“Ugly? Blood? That’s not how she showed herself to me,” Gerin said, more intrigued than surprised. Gods were gods, after all; of course they could manifest themselves in more than one way. “She was beautiful but terrible, fear and cold and awe all mixed together. What I thought was, No wonder she’s chief among all the Gradi gods.”

“We saw her different, that we did,” Adiatunnus said with another shudder. “I wonder which was her true seeming, or if either one was. We’ll never ken, I’m thinking. However you saw her, though, what did the two of you have to say to each other?”

As best he could, Gerin recounted his conversation with the Gradi goddess, finishing, “When I told her I wouldn’t give up, she-I don’t know-flung a freeze at me. I thought my heart and all my blood would turn to ice, but before that happened, I woke up. What befell you?”

“You said her nay?” Adiatunnus asked in wondering tones. “You said her nay, and she didn’t destroy you?”

“Of course she destroyed me,” Gerin answered irritably. “Look-here you are, talking with my blasted corpse.”

Adiatunnus stared, then frowned, then, after a long moment, started to laugh. “Fox, it’s many a time and oft I’ve wished to see the dead corp of you, blasted or any way you choose. The now, though, I’ll own to being glad you’re still here to give me more in the line of troubles.”

“I thank you for that in the same spirit you meant it,” Gerin said, squeezing another chuckle out of Adiatunnus. The Fox went on, “What did… she… say or do to make you wake up with such a howl?”

“Why, she showed me the ruin of everything I’d labored for all these years, if I was to go on with the war against her people,” the Trokm- answered.

“And you believed her?” Gerin said. “Just like that?”

“So I did,” Adiatunnus said with yet another chuckle. “What I want to know is, why you didna.”

“Because I assumed she was lying to me, to put me in fear and make me lose heart,” Gerin said. “If I were a Gradi god, it’s what I’d do. You Trokmoi are a tricksy folk-have you no trickster gods?”

“Aye, we do that,” Adiatunnus admitted. “But the goddess in my dream, now, she’s not that sort, not from all the tales of her I ken, any road. And the Gradi, they’re not that sort, either. They come and they take and they kill and they go, with hardly even a smile to say they’re enjoying the work.”

That last phrase drew a snort from the Fox, who said, “Well, from what I’ve seen, you’re right about the Gradi. You may even be right about… that goddess. Maybe she wouldn’t lie for the sport of it, the way a woodsrunner would.” He relished Adiatunnus’ glare, a sign the chieftain’s spirit was recovering. “But would she lie to help her own folk? Of course she would. This side of Biton, can you think of a god who wouldn’t?”

Adiatunnus pondered that. Slowly, he nodded. “Summat to what you say, lord prince.” He used Gerin’s title in a tone half grudging, half admiring. “You’ve got sand in you, that you do. You aim just to keep on after the Gradi as if you’d never dreamt your dream, do you now?”

“We’ve beaten them once, you and I together,” Gerin said. “I’ve beaten them another time, all by my lonesome. Till they show me they can beat me, why should I pull back?”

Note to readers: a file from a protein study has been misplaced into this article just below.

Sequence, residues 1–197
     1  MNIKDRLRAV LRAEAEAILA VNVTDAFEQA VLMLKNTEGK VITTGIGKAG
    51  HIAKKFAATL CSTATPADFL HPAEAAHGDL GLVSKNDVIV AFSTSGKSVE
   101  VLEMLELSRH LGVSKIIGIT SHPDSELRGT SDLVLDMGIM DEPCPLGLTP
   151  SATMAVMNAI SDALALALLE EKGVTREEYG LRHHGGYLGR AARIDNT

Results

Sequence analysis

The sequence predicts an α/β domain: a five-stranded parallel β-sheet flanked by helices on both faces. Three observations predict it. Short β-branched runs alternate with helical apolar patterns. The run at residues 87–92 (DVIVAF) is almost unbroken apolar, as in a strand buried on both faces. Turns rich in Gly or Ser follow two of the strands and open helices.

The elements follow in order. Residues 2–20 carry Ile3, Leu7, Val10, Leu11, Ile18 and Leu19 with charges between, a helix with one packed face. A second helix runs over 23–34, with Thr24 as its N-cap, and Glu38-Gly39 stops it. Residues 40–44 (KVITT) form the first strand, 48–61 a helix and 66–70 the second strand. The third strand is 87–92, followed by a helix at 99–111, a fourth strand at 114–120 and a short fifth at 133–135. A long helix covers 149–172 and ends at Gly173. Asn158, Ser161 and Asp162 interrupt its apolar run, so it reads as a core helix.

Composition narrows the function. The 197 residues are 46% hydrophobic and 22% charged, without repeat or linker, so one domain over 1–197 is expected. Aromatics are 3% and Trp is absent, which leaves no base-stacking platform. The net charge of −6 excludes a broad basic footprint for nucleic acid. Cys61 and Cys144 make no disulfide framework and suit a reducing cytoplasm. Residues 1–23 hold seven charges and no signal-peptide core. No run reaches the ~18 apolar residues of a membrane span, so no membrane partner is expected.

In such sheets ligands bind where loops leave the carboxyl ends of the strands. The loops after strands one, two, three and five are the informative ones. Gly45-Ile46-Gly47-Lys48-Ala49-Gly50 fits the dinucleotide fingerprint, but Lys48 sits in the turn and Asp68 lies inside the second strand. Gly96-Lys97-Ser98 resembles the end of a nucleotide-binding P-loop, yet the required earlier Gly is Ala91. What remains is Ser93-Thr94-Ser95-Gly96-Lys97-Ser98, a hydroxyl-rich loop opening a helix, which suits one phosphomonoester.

“Sure and you have a way to make it all sound so simple, so easy,” Adiatunnus said. “But they’re after beating us a whole raft o’ times-us Trokmoi, I mean. When that happens” — he sighed- “the only thing you can think of is that it’ll happen again, try as you will to stop it.”

“Which is why you made common cause with us,” Gerin observed.

“Truth there,” Adiatunnus said.

“Then let me take the lead, since you gave it to me, and don’t trouble your head with dreams, even dreams with goddesses in them,” the Fox said.

“Dinna fash yoursel’. Dinna fash yoursel’.” Adiatunnus made his voice high and squeaky, as if he were a mother shouting at a little boy. “Easy to say. Not so easy to do, not when you’re in the middle o’ the dream.”

There was truth in that, too. But Gerin asked, “Are you dreaming now?”

“No,” the Trokm- chieftain said at once. But then he looked around the dim-lit great hall. “Or no is what I think, the now. But how can you be sure?”

“Good question,” Gerin said. “If I had a good answer, I’d give it to you. I’ll tell you this much: I don’t think I’m dreaming, either.” He pulled his blanket up around him; the rough wool scratched at his neck. “With any luck, though, I will be soon.” He closed his eyes. He heard Adiatunnus laugh softly and, a little later, heard his snores join those filling the hall. A little later than that, he stopped hearing anything.

* * *

When the Fox’s army rode west from the captured keep the next morning, they rode toward dark gray clouds piled high on the horizon and scudding rapidly toward them on a startlingly nippy breeze. “Wouldn’t know we were at the summer season, would you?” Gerin said, shivering a little as that wind slid under his armor and chilled his hide.

Duren looked back over his shoulder at his father. “If I didn’t know what season it was, I’d guess those clouds held snow in them, not rain.”

“I wish they did,” Van said, peering ahead with a frown. “Snow’d leave the road hard. Rain like the rain those clouds look to have in ’em’ll turn these dirt tracks into hub-deep soup.” He turned from Duren to Gerin. “Your Elabonian Emperors were no fools when they made their fine highways. Hard on a horse’s hooves, aye, but you can move along ’em and bite the thumb at the worst of the weather.”

“I won’t say you’re wrong, because I think you’re right.” Gerin studied those fast-moving clouds and shook his head. “I’ve never seen weather so ugly this late in the year.”